Theodor W. Adorno, “The Relationship Of Philosophy And Music”

For . . . pragmatists, . . . the object of inquiry is “constituted” by inquiry only in the following sense: we shall answer the questions “What are you talking about?” and “What is it that you want to find out about?” by listing some of the more important beliefs which we hold at the current stage of inquiry, and saying that we are talking about whatever these beliefs are true of. – Richard Rorty, “Inquiry as Recontextualization” in Richard Rorty, Objectivity, Relativism, and Truth, p.96

But if someone, instead, is of a mind to force music’s secret directly and immediately, with the magic want of primal words, he is left only with empty hands, tautologies, and sentences that, at best, provide formal constituents – if music even has something like a formal a priori .  But the very essence of music will have vanished, usurped by the disposition of language and the concern about its supposed origins. – Theodor W. Adorno, “The Relationship Of Philosophy And Music”, in Leppert, ed., Theodor W. Adorno: Essays On Music, p.141

Whenever I see a title such as the title of this essay, I get a rash.  The idea that any human activity is in need of justification via an act of cognition that sets for the conditions for its proper form and function is not just hubris; it is ridiculous on its face.  To take the current example, music is a nearly universal human activity, done in order to perform all sorts of social functions.  “Why” that is so, “what” the music is and is not saying, “how” it says or doesn’t say it – these are matters that can and must only come after the musical act has occurred.  In this, at least, Adorno is consistent.  More to the point, writing in 1953, half a century after the introduction of what Adorno continues to call “the new music”, relying for his musical texts on Schoenberg, Webern, and Berg (a short snippet of whose opera, Wozzeck, appears at the top), as if by 1953 many of the questions posed by the atonal, 12-tone, and serial compositions had not already been answered, and new musical forms, from music concrete, the first stirrings of electronica, and the rise of the real avante garde from Edgar Varese to John Cage offering not only new musical questions, but even inquiring in to the very nature of what constitutes “music”, were not occurring.  To this extent, then, Adorno is a bit like a music critic complaining that Ray Charles and Elvis Presley created a new emotional pallet for music, while America listens to Jay Z, Ed Sheeran, and Nikki Minaj.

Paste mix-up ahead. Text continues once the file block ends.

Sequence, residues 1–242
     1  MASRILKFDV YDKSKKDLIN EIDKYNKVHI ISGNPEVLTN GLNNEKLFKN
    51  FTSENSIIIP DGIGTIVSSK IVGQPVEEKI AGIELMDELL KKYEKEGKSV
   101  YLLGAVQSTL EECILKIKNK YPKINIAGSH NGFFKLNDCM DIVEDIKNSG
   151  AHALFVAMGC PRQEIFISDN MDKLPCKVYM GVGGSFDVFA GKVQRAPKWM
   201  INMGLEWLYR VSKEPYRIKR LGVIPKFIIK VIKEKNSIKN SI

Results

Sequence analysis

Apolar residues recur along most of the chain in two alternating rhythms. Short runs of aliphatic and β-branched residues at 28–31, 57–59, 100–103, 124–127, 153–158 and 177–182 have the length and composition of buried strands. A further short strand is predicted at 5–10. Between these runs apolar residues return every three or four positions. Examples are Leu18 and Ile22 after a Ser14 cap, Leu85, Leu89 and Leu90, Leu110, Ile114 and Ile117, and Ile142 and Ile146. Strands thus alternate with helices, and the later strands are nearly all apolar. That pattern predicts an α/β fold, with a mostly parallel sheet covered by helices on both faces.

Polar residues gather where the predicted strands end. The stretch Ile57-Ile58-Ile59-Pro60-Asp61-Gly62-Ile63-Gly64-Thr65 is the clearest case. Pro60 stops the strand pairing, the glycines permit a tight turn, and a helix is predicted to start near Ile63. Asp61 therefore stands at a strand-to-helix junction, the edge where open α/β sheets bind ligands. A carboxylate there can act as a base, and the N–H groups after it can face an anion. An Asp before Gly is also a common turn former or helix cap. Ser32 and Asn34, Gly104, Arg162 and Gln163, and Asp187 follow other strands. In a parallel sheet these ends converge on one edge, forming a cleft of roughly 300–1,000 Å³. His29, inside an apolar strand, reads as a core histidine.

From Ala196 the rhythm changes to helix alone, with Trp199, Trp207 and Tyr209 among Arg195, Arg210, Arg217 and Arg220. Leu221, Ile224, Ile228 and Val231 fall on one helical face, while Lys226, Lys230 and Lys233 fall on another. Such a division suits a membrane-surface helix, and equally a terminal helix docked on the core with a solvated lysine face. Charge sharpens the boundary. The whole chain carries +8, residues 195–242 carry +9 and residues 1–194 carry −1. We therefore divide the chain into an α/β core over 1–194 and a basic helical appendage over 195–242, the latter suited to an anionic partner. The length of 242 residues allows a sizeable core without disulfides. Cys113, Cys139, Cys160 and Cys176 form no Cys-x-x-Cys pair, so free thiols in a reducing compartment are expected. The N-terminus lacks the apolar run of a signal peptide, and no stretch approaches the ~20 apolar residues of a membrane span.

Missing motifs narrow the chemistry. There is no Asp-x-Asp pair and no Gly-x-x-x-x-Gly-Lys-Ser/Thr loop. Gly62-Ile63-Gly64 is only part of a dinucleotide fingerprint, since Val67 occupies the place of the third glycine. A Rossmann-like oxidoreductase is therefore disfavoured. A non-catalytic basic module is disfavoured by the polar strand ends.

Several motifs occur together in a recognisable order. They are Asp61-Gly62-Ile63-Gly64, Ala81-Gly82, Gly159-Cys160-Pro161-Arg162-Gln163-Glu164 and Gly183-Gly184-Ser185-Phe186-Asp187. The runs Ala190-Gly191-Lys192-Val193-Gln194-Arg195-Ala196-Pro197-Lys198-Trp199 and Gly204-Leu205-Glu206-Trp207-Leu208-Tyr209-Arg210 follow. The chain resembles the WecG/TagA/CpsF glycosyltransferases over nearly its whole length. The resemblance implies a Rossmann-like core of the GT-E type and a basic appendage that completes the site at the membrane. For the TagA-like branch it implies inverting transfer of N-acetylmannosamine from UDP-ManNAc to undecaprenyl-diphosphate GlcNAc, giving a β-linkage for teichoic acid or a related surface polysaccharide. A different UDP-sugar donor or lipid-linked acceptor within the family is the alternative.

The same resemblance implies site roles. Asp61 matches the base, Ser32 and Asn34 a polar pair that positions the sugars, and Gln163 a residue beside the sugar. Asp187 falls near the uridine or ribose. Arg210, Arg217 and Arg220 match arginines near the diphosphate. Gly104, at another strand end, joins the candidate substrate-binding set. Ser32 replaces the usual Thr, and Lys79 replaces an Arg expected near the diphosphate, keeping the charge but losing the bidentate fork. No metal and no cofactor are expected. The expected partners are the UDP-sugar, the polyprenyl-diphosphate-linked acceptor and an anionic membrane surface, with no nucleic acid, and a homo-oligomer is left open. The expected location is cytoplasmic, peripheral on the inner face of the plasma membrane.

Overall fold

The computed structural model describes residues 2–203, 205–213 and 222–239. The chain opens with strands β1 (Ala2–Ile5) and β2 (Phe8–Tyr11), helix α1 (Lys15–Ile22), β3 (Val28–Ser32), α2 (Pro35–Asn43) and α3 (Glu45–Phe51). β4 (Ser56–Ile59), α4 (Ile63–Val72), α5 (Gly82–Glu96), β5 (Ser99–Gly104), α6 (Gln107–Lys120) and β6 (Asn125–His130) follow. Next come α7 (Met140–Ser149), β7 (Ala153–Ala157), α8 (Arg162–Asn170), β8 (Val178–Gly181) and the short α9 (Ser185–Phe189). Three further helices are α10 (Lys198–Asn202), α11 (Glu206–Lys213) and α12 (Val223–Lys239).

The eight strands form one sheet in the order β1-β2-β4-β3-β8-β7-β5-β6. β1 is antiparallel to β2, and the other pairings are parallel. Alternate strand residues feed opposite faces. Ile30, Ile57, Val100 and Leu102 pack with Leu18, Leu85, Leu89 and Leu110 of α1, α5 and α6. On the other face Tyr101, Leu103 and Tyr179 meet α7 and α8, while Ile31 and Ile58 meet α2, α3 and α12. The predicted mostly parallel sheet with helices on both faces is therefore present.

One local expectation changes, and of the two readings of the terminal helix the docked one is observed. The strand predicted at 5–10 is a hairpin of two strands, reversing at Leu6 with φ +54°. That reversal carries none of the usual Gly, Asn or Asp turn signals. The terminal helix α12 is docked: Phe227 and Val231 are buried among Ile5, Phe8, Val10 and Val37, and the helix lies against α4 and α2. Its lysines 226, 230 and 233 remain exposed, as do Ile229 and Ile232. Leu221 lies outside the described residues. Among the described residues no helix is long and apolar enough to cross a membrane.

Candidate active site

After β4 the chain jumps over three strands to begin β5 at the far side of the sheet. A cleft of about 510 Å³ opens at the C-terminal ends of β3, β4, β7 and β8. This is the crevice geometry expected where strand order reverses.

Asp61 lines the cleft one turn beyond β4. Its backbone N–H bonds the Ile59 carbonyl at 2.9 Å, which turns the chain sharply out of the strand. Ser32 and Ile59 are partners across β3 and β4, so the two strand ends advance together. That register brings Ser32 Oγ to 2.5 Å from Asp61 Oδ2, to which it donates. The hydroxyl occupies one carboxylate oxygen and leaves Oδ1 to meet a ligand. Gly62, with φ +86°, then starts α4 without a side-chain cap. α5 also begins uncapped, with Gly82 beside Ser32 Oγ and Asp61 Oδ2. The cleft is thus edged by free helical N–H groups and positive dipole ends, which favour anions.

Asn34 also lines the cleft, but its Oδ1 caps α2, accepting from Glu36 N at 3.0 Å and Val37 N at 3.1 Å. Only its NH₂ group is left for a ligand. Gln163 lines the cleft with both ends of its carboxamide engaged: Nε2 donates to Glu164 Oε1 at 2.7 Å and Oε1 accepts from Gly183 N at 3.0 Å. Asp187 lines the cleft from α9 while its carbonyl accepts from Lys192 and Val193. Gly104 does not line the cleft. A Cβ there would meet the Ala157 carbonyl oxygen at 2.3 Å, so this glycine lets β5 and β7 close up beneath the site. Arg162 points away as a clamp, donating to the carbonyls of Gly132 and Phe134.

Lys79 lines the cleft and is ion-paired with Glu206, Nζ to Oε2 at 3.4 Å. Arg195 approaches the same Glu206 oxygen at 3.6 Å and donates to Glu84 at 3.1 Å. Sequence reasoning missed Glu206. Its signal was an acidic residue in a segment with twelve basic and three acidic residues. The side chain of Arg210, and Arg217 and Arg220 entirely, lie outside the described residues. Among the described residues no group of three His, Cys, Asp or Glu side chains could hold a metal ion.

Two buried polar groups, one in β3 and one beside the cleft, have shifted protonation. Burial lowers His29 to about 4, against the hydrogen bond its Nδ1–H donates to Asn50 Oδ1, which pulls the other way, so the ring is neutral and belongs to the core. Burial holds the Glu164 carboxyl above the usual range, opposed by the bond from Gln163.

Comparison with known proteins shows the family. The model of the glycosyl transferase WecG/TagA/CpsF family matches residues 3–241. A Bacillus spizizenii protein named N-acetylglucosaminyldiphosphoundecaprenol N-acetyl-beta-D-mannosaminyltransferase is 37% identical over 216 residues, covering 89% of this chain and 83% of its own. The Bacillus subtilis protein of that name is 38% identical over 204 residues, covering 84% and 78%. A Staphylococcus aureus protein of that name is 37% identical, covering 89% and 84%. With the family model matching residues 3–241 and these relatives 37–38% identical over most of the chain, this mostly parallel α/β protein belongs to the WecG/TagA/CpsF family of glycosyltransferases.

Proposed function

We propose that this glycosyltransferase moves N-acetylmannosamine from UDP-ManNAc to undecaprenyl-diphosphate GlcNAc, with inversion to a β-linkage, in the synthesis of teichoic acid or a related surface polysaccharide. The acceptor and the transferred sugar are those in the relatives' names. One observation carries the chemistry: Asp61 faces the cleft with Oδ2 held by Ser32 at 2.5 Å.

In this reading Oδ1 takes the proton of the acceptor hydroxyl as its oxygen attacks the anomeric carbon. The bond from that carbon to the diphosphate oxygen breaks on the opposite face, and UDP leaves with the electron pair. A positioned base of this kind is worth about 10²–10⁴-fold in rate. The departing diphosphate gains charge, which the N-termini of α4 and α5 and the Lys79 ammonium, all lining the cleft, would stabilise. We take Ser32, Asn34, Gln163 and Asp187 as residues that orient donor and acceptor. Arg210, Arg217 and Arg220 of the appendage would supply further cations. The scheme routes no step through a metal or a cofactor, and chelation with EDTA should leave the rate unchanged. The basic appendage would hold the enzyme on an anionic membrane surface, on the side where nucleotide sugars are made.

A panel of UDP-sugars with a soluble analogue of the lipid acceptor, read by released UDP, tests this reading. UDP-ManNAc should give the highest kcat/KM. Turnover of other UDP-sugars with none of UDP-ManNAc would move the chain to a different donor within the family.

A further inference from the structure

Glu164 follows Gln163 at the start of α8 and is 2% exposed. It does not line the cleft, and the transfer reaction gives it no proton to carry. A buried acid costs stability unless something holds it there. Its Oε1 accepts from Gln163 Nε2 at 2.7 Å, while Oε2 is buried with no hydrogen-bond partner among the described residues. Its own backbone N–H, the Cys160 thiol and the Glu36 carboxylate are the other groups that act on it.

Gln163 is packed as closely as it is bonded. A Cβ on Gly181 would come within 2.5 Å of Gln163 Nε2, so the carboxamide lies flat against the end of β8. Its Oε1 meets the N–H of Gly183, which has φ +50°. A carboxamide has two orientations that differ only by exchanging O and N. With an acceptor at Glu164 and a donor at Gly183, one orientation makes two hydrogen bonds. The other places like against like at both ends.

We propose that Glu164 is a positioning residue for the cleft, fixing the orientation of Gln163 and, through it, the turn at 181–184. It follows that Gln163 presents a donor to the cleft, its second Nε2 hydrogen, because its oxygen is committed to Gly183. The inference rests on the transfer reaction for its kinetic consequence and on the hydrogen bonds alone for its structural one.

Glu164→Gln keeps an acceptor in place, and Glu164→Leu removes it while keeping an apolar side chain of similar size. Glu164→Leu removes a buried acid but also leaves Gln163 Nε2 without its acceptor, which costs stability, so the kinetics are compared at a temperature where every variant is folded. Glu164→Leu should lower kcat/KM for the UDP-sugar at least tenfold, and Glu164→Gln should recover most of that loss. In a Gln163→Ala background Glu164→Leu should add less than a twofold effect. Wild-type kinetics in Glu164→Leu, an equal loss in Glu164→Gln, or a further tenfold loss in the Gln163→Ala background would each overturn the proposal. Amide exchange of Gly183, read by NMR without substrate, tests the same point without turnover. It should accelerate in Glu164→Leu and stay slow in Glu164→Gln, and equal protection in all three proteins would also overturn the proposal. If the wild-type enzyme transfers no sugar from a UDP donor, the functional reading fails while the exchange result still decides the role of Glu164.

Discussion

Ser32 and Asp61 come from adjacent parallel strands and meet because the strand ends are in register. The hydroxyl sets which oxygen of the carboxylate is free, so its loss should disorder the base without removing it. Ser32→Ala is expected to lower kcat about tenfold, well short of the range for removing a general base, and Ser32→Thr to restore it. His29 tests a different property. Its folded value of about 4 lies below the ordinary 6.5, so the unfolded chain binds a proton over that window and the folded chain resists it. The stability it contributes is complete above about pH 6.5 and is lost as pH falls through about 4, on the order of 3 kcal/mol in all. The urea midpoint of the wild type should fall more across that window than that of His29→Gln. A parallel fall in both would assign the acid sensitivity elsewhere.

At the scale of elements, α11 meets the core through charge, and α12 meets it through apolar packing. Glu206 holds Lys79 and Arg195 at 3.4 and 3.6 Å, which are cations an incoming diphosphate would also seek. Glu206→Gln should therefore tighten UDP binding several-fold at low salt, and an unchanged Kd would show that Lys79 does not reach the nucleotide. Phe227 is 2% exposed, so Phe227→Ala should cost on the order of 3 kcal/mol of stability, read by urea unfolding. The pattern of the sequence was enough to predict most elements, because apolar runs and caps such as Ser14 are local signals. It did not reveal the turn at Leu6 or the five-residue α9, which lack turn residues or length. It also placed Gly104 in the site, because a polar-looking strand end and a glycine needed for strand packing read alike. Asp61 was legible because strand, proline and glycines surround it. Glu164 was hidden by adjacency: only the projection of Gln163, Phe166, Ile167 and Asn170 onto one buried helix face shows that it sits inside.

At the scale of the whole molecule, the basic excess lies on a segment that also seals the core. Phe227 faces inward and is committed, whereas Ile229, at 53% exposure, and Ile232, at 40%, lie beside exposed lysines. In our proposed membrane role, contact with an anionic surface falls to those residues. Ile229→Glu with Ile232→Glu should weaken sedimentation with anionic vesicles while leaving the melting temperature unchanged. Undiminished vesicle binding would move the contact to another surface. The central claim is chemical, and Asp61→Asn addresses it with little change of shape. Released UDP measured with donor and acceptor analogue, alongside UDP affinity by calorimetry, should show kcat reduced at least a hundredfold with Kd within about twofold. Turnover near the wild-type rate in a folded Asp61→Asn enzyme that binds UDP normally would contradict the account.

In fact, most of the essay, after a preliminary apologia for a philosophical inquiry in to music as a function of the philosophical examination of social phenomena in general, turns to a far more analytic focus works by Schoeberg.  For Adorno, it is precisely analysis – even more than interpretation – that provides the key for proper philosophical inquiry.  Analysis consists of an inquiry in to the structure of a piece, from individual notes and phrases up through and including the piece as a whole and how it fits in the larger social relationships it confronts, mirrors, or contradicts.  Yet, we are treading old ground; this is the position Adorno has maintained now for a quarter century, examining the same pieces over and over, insisting they offer far more to the listener precisely because they are so demanding, not the least intellectually.

Personally, I find it kind of silly to create an argument for the philosophical justification of any human activity.  Human activities justify themselves through their continued practice and common, social acceptance they serve particular functions.  Philosophy does indeed have a role to play, as it is no less a human activity with a particular purpose.  That purpose, however, is no longer the justification of other human activities, a court that judges what is and is not proper in any particular human activity.  Making philosophy step down from the judge’s seat, offering the possibility there are more profitable, more interesting questions to ask without once worrying whether or not the activity under examination is functioning properly is a good thing.  In one sense, much of Adorno’s piece does just that, focusing , with laser-like precision on particular instances in music that offer evidence for his insistence on the negative dialectical nature of the best music.  On the other hand, to insist that it is only through philosophy that this is possible is kind of silly.  Even a casual listener can come to the conclusion that works by the early creators and masters of 12-tone and serial music offer the listener more possibilities than can be gathered in a single hearing.

As I do not believe it necessary to defend music, to defend philosophy, to defend the philosophical examination of music – as long as the philosopher in question doesn’t get too caught up in the thought that she has some key to the kingdom of music, some Rosetta Stone that will unlock the secrets of the language-like nature of music – an essay such as this is more historical curiosity than anything, not least because Adorno’s prose is at its densest, most difficult best throughout, making great pains to indicate that both philosophy and music both are and are not secularized religious activities, stripped of their transcendent objects, yet propelled toward transcendence by the nature both of music and philosophy.  Which is why the analytic turn is important for Adorno, keeping him grounded in actual works, how those works are structured, and how they relate internally as wholes, and as wholes relating to the larger world.

There is much to be gained from moving through Adorno’s musical essays.  Reading another apologia for the act of philosophizing, however, becomes an odd spiral, both inward and outward, landing the reader back at the beginning without having gained much more insight than, “Just because.”